Magic Johnson, Peter Guber and Business Stories

We all know the power of stories in business. We know too that it’s the heroes who give stories power. The hero may be a person, a brand, a company, or it may be the listener.  When the story and the hero are strong, it resonates with the audience.

Peter Guber and Magic Johnson

In his book “Tell to Win” Peter Guber tells the story of a hero stepping up.  It was Earvin Johnson’s first season with the Lakers.  They had made it to the NBA finals when the legendary Kareem Abdul-Jabbar sprained his ankle and was out for the final 2 games.

Nineteen-year old Johnson stepped up and told the despondent team: “Kareem isn’t here.  I’ll be Kareem.”  He sat in Kareem’s seat on the team plane, played Kareem’s position during practice, and went on to play “the greatest game ever played by a rookie in the NBA.”  In the process, he became Magic Johnson.

The hero of this story is Johnson, of course; but it’s also the listener, anyone who imagines him or herself stepping forward with conviction and assurance.  This story lets everyone in the audience think of how: “I’ll be Kareem.”

My Business Story

The story I used most as a manager I borrowed from Anne Lamott’s priceless book, “Bird by Bird.”

Her brother has procrastinated on a huge school project, a paper on, as I recall, birds of North America.  The night before the due date, he found himself at the dining room table in tears, surrounded by reference materials, not knowing where to start.  Their father sat down with him and said: “Take it bird by bird, son, bird by bird.”

This story got my teams – many positions, many companies, different industries — through tough deadlines, the stress of layoffs and other corporate upheavals, and all kinds of not knowing where to start.

What I love particularly about this little story is that–just like Guber’s story about Magic Johnson–it makes the listener–the team–the hero.  Everyone can start somewhere, taking it bird by bird.

Your Business Story

There are lots of great resources around for improving your story, whether it’s your interview story, your consultant story, or the story of your company or brand.  Here are a few I like:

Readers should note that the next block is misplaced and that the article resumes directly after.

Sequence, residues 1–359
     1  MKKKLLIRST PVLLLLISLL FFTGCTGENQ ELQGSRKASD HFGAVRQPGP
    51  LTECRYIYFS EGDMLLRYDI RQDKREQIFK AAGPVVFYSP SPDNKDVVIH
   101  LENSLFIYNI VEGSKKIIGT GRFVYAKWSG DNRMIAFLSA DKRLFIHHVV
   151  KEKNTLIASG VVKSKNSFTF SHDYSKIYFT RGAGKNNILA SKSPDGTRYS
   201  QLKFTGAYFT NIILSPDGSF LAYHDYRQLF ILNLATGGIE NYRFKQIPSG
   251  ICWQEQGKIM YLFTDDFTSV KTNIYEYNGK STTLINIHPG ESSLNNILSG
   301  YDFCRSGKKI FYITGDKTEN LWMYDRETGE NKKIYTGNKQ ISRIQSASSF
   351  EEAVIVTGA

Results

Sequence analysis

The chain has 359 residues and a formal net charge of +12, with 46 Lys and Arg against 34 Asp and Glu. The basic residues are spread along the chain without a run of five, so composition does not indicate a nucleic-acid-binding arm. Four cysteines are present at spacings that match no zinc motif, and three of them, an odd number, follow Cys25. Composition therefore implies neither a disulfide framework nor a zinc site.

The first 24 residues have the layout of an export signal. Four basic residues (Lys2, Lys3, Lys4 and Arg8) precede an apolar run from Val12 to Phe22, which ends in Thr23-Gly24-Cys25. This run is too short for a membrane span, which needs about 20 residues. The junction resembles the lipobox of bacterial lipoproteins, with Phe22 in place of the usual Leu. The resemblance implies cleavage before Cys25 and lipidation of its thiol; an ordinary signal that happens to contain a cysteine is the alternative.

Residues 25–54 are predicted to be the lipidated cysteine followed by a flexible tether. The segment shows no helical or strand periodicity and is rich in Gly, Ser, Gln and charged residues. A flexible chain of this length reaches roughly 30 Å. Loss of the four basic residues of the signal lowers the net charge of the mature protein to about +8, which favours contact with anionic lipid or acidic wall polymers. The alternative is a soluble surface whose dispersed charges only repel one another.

Who is the hero of the story you tell to prospects and clients? I would love to hear it, in a paragraph or two.

 

4 replies
  1. Andrea Howe
    Andrea Howe says:

    Sandy, thank you for my new phrase: “bird by bird”! It’s a lot shorter and easier to say than “eat the elephant a bite at a time.” And it’s a great maxim for how to tackle anything that seems daunting. Speaking of, back to my email inbox …

    Reply
  2. Sims Wyeth
    Sims Wyeth says:

    I love and respect our current obsession with story–with narrative, but I think we must remember that we also need “rational” discourse along with the “nar-rational.”

    In other words, professionals need to reason as well as to tell stories. As you and I know, sameness is the enemy of the speaker, which is a phrase I learned from Patricia Fripp.

    We need facts, opinions based on a reasoned interpretation of those facts, and stories to help make the interpretation more vivid and memorable.

    I also think that history tends to swing like a pendulum between a need for story and a need for close analysis and reasoning. At this point in time, we’re all looking for a unified field theory of life, culture, the universe–whatever– and since science has debunked just about every story we’ve ever told ourselves, we are a little over-heated about the need for story.

    Don’t get me wrong. I love stories, I love telling them, I collect them in my LRB (my Little Red Book), but I also know that we need data as well as stories. Having spent some time in the hallways and meeting rooms of the FDA, I’ve seen eyes roll when some well-meaning advocate tells a story about a patient to emotionalize the data.

    In some places, stories engender the willing suspension of disbelief, but in others, they cause skepticism to rise up and slap the story down as statistically irrelevant.

    Reply

Trackbacks & Pingbacks

  1. […] tell the lessons of leading with trust in a vivid and memorable way. They help us make sense of what it means to trust and be trusted. Stories appeal to the heart as well as the head, they […]

Leave a Reply

Want to join the discussion?
Feel free to contribute!

Leave a Reply

Your email address will not be published. Required fields are marked *